-- Some brick-and-mortar stores are doing all they can to offer high-tech in-store shopping and mimic an online shopping experience to draw more customers in.
Today kicks off the last weekend before Christmas and may actually be the biggest shopping day of the year. Roughly 93 percent of Americans haven’t finished their Christmas shopping by this point, and shopping online may be risky if you hope to get it in time, according to experts.
“There are so many variables,” said Mark Ellwood, author of “Bargain Fever.” “Last year, presents arrived late after Christmas and all you got was an apology.”
But those procrastinators will take heart in the brick-and-mortar stores that are taking inspiration from the ease of online shopping and bringing it to their customers who walk through the door.
Minkoff and her brother Uri founded the company together, and decided to make their new NYC store state-of-the-art. Even the dressing rooms are equipped with touchscreens where customers can request new sizes, instead of asking a sales associate directly, and even adjust the lighting.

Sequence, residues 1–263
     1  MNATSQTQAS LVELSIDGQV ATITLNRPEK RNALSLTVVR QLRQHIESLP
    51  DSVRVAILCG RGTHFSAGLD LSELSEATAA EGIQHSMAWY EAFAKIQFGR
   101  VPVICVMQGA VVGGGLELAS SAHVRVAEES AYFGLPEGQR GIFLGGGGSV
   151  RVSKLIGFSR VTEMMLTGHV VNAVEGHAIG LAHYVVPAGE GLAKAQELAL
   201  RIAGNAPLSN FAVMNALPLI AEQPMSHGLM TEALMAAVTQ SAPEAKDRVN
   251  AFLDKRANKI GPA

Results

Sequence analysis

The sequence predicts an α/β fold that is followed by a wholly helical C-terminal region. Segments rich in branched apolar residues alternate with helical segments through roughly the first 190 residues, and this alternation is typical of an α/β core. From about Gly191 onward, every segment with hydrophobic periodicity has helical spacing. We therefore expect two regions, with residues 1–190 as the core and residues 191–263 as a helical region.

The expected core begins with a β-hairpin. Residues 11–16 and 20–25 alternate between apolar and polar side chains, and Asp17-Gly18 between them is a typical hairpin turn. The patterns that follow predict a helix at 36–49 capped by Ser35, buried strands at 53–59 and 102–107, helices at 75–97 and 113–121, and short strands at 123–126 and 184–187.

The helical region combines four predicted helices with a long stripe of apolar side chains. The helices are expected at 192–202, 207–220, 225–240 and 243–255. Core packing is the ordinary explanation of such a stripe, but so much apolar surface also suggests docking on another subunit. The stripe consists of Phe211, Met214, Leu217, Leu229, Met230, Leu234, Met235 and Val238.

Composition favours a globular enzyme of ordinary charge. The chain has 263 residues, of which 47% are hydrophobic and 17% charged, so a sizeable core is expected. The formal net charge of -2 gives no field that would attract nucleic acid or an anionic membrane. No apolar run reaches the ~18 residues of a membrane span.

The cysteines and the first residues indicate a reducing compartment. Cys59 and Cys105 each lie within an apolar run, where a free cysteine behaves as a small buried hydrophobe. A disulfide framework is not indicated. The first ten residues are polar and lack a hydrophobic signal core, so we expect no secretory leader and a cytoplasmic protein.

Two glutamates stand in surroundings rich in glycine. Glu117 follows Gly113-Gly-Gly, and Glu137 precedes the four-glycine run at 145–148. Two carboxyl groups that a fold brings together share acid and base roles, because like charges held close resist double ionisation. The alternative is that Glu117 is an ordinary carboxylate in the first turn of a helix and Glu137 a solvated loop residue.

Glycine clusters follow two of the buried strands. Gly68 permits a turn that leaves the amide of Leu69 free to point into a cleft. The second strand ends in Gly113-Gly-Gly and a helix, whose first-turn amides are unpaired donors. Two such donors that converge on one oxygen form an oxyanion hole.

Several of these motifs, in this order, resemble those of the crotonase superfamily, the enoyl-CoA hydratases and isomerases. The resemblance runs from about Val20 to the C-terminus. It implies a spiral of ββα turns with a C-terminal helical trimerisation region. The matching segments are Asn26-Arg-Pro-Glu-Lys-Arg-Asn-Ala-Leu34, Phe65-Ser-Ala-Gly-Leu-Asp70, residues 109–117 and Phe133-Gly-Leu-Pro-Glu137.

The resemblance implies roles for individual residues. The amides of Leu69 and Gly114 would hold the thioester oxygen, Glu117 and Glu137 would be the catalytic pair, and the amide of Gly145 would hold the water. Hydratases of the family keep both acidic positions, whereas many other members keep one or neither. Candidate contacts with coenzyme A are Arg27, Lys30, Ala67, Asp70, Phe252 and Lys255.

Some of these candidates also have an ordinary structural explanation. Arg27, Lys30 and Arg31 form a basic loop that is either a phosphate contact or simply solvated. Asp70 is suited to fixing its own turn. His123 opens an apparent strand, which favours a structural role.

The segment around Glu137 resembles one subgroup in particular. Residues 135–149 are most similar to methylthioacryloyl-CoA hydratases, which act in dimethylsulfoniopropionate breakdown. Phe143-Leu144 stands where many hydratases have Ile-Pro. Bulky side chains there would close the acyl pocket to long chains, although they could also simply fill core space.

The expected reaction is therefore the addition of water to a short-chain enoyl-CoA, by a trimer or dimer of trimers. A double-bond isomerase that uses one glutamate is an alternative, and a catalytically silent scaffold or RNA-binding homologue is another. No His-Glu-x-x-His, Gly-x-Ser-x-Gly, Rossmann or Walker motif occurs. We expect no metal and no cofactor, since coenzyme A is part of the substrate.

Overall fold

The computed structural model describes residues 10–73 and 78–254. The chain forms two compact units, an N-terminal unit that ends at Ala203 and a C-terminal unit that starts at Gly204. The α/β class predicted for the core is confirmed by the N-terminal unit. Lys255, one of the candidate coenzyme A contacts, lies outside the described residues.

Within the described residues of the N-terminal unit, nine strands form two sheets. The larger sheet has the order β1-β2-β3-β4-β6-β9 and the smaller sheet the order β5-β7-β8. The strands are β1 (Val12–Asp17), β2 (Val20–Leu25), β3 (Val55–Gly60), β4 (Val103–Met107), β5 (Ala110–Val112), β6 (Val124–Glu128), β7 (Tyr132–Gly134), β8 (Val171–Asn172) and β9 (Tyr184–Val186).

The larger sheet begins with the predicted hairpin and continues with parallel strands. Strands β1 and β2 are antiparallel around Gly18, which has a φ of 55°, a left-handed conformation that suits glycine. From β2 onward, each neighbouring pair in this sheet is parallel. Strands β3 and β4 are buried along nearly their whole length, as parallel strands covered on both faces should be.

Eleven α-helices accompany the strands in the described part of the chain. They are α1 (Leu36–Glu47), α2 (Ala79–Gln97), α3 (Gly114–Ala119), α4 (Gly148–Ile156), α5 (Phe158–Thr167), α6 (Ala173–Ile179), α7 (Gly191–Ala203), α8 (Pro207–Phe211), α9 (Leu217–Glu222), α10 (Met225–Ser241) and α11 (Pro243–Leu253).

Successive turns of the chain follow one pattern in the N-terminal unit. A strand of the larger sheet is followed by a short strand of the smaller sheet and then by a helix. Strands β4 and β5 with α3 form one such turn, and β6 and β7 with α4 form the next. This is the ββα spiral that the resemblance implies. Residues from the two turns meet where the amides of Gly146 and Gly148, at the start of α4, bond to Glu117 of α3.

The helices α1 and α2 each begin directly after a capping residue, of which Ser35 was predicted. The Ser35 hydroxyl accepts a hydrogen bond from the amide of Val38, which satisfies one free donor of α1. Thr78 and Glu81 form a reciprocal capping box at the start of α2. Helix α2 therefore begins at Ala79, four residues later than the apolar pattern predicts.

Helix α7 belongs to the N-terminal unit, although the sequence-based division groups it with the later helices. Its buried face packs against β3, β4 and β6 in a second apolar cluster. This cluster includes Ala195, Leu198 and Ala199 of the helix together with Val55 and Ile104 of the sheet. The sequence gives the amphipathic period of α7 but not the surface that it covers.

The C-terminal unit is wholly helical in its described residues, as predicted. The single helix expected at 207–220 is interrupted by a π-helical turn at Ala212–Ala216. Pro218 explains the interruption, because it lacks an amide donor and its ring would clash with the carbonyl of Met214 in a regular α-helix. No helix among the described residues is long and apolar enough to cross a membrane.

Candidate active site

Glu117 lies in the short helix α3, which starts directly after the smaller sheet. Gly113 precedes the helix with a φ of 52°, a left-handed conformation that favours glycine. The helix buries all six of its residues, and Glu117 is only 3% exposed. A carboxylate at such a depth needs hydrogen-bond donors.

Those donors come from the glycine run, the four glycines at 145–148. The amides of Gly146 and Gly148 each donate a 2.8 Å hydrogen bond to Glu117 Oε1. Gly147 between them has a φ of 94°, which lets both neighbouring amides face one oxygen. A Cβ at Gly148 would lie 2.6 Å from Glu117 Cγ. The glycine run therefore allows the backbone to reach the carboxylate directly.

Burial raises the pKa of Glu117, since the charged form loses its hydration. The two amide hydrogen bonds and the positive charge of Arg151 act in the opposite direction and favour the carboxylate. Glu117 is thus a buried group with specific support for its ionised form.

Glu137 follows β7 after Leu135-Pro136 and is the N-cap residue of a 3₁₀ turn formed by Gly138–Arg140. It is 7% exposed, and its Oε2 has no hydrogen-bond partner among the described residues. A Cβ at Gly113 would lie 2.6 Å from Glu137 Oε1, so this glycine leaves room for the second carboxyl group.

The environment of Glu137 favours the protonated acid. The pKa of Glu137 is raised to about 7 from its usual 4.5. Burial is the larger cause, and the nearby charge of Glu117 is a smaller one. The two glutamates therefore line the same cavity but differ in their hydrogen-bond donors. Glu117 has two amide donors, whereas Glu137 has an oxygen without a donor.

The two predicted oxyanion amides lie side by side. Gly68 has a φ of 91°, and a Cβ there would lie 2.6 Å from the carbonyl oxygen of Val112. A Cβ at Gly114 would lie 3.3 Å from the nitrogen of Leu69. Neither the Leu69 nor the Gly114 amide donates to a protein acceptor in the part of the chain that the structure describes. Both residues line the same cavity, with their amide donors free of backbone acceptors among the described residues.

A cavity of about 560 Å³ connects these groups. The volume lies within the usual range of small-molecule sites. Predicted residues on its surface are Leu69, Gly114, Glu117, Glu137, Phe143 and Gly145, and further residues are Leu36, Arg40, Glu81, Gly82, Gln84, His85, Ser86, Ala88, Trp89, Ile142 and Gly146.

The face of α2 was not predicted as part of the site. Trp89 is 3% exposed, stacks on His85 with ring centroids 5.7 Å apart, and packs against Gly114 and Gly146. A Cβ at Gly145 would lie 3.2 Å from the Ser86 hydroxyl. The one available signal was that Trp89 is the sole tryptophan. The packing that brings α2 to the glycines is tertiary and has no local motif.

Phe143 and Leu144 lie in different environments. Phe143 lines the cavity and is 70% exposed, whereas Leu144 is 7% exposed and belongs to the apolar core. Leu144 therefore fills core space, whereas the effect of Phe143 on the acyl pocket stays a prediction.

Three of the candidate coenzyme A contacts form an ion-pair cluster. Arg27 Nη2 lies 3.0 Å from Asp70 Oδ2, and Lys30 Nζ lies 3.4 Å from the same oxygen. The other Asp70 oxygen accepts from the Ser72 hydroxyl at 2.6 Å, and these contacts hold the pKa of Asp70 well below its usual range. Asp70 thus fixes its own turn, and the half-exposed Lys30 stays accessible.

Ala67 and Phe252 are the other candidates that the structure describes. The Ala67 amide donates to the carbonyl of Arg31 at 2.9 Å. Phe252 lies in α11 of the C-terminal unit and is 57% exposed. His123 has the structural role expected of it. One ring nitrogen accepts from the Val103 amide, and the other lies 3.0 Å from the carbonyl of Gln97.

“You’re probably looking for a holiday cocktail dress or something like that but this lighting is not the best for it so we want to give you lighting options,” Uri Minkoff said.
Rebecca Minkoff is just one of dozens of stores incorporating the latest technology. Hointer Demin store and Lab in Seattle allows customers to scan what they see on the floor and have it automatically delivered to a dressing room. Lowes Home Improvement stores are experimenting with robot salespeople.
“The retail landscape is so competitive and the way to stand out is to use technology like everywhere else,” Ellwood said. “Brick-and-mortar retail stores are really taking inspiration from online stores, which know a lot about our shopping habits and the brick-and-mortar guys say hang on a second, we can know that too.”